Our commercialised reality is full of Santa Claus through the whole December, he is virtually everywhere, smiling through his white beard. He doesn’t look like a bishop anymore, so we tend to forget that he came from the cult of Saint Nicholas; in fact, the name “Santa Claus” comes from Dutch Sinterklaas, which is a short of Sint-Nicolaas, meaning Saint Nicholas. Of course, there are more traditions hidden in that character: it is supposed to have some common elements with pre-christian germanic folklore. Those elements (long beard, flying through the sky and coming from the far North) seem to be connected to the god Odin and the mid-winter germanic feast called Yule. Todays’ secularised image was created around the beginning of the 20th century and was popularised in 1930’s in the Coca-Cola campaigns.
But today we want to focus on the original character – that is Saint Nicholas. To be honest, we don’t now much about him considering historical sources. The first information about Saint Nicholas appeared in the 6th century: he was supposed to be a bishop of Myra (today Demre, Turkey) living at the turn of 3rd and 4th centuries. He is even said to have participated in the Council of Niece in 325; the problem is that he was not mentioned in any of the sources of that time. That, of course, did not matter in Middle Ages: real or not, Saint Nicholas was widely venerated in both Eastern and Western Churches. And of course the legends filled in all the gaps in the life of Saint Nicholas.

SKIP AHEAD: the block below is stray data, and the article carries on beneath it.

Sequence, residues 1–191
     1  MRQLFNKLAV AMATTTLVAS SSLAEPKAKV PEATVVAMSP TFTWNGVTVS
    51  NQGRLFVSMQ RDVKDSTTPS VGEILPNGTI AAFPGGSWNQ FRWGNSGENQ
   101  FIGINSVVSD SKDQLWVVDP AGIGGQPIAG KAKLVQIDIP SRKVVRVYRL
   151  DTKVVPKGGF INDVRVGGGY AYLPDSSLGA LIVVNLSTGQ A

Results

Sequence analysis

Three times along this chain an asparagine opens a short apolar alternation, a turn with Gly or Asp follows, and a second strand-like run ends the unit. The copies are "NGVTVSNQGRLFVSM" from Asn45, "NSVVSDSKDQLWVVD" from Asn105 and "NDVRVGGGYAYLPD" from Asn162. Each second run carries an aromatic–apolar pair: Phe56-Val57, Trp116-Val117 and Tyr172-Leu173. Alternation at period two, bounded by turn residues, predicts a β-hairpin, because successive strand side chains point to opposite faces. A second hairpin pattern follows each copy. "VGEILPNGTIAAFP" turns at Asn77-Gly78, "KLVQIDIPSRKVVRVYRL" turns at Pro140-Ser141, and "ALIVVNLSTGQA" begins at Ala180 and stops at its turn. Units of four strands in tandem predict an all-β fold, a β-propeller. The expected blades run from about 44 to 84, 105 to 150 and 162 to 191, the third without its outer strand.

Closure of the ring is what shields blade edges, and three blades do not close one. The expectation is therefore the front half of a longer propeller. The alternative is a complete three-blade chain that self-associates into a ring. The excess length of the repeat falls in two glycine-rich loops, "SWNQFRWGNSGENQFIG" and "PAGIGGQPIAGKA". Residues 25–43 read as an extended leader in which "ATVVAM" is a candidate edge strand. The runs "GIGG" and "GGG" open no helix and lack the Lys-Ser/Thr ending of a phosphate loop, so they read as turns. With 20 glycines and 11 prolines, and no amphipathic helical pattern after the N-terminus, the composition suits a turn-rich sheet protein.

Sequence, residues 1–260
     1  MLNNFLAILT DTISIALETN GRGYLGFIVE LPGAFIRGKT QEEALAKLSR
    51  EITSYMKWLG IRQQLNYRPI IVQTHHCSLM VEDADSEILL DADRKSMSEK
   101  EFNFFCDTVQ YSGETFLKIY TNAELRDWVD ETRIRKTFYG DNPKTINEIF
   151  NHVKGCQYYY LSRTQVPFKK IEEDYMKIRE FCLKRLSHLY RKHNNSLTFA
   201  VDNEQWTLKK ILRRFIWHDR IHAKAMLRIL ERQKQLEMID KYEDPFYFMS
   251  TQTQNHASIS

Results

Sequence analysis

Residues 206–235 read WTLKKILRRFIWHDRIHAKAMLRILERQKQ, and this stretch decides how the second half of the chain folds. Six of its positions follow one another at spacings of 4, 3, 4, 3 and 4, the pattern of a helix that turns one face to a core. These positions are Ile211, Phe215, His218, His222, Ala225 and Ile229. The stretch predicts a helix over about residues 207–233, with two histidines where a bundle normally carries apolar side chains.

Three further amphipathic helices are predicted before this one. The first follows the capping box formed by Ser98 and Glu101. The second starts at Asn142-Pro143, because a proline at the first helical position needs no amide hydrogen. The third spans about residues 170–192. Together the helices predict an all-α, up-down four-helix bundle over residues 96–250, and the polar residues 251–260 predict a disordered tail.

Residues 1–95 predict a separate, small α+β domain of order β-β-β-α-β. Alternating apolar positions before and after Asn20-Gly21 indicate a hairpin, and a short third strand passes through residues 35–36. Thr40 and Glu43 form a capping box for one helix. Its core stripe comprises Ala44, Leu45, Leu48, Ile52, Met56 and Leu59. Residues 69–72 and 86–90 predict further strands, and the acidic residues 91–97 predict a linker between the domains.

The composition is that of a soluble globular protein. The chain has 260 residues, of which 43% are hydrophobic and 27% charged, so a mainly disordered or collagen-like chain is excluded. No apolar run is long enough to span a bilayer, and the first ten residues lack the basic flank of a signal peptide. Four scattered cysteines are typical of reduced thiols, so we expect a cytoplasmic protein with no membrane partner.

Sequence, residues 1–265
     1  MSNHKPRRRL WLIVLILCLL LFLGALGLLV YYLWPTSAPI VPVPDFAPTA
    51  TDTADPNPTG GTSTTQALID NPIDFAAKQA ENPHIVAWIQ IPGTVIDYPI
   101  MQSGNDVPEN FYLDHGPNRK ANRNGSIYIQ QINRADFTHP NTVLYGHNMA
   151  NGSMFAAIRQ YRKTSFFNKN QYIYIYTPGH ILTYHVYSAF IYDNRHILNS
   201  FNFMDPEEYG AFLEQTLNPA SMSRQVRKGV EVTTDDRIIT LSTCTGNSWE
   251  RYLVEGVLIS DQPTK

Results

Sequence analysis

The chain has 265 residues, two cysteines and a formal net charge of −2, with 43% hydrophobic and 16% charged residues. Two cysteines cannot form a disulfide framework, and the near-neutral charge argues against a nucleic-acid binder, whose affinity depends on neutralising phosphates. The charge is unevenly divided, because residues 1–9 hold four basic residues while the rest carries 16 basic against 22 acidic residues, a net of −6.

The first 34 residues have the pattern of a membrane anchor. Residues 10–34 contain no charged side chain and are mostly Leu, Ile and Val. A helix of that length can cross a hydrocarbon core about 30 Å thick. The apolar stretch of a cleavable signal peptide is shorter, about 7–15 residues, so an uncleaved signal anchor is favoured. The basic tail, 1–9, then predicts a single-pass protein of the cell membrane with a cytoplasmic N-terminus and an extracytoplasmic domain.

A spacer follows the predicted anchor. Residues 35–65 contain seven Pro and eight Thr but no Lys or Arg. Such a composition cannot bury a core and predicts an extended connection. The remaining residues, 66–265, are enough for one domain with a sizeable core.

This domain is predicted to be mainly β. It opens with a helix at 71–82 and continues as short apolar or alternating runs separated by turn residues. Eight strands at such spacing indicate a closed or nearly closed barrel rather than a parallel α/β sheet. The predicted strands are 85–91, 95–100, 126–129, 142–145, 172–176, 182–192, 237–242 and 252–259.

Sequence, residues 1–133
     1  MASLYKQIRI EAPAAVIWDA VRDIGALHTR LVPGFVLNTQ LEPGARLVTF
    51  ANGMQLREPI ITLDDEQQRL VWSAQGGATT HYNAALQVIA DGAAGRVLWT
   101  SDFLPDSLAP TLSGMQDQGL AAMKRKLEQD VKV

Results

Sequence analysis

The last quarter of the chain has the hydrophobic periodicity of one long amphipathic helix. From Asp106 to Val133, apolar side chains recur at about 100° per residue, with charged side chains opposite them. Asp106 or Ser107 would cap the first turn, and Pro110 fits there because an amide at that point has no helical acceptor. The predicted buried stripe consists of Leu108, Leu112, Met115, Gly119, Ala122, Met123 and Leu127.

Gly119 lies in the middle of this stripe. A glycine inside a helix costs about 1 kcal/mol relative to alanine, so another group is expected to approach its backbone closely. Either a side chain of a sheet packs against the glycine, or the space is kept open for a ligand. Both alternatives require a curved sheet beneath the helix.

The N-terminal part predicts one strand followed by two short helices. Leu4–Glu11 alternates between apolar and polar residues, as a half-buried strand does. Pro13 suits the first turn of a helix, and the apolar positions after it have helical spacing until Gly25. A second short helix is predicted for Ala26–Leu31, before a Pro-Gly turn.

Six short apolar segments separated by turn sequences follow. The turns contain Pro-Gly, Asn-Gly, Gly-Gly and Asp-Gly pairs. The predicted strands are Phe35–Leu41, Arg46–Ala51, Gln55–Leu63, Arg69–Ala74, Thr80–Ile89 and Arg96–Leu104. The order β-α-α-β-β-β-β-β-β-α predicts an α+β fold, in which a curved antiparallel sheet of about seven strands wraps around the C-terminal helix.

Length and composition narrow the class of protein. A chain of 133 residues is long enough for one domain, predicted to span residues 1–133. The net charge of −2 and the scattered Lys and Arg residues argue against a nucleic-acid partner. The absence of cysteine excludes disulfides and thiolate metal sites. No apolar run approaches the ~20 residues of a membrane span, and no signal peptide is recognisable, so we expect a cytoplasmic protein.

First of all we must say that the saintity is revealed already in early childhood. According to the “Golden Legend” Nicholas stood up by himself during his first bath immediately after he was born:
In spite of being physically strong, he also had a strong spirit already as a baby: apparently he refused to suck his mother’s breast more then once every Wednesday and Friday, as those days were considered fasting.
Most common image of Saint Nicholas though is as a bishop holding three golden balls. It comes from the most popular part of Saint Nicholas’ legend.
In short: there was a poor man who had three daughters but no money to provide them dowry, so they couldn’t get married (apparently they were not attractive enough to be taken by anyone without the dowry). It seemed that the only solution to make a living for this family was to sacrifice the girls’ innocence and to send them to sell themselves on the streets (it looks like they also had no skills and were not able to earn money in any decent way). Nicholas decided to help them but wished to remain anonymous, so he sneaked in the middle of the night and threw some gold through the window to the poor man’s house. Saint Nicholas repeated that three times so all three girls received the money and got happily married.
Of course, it is because of this legend we now say that Santa comes at night and just drops the presents in secret. Nowadays he is usually assumed as bringing toys to the children but in his original legend the gifts were destined for the adults who apparently prefer to receive money. Unless the real gift for the poor man was actually an opportunity to get rid of all his daughters.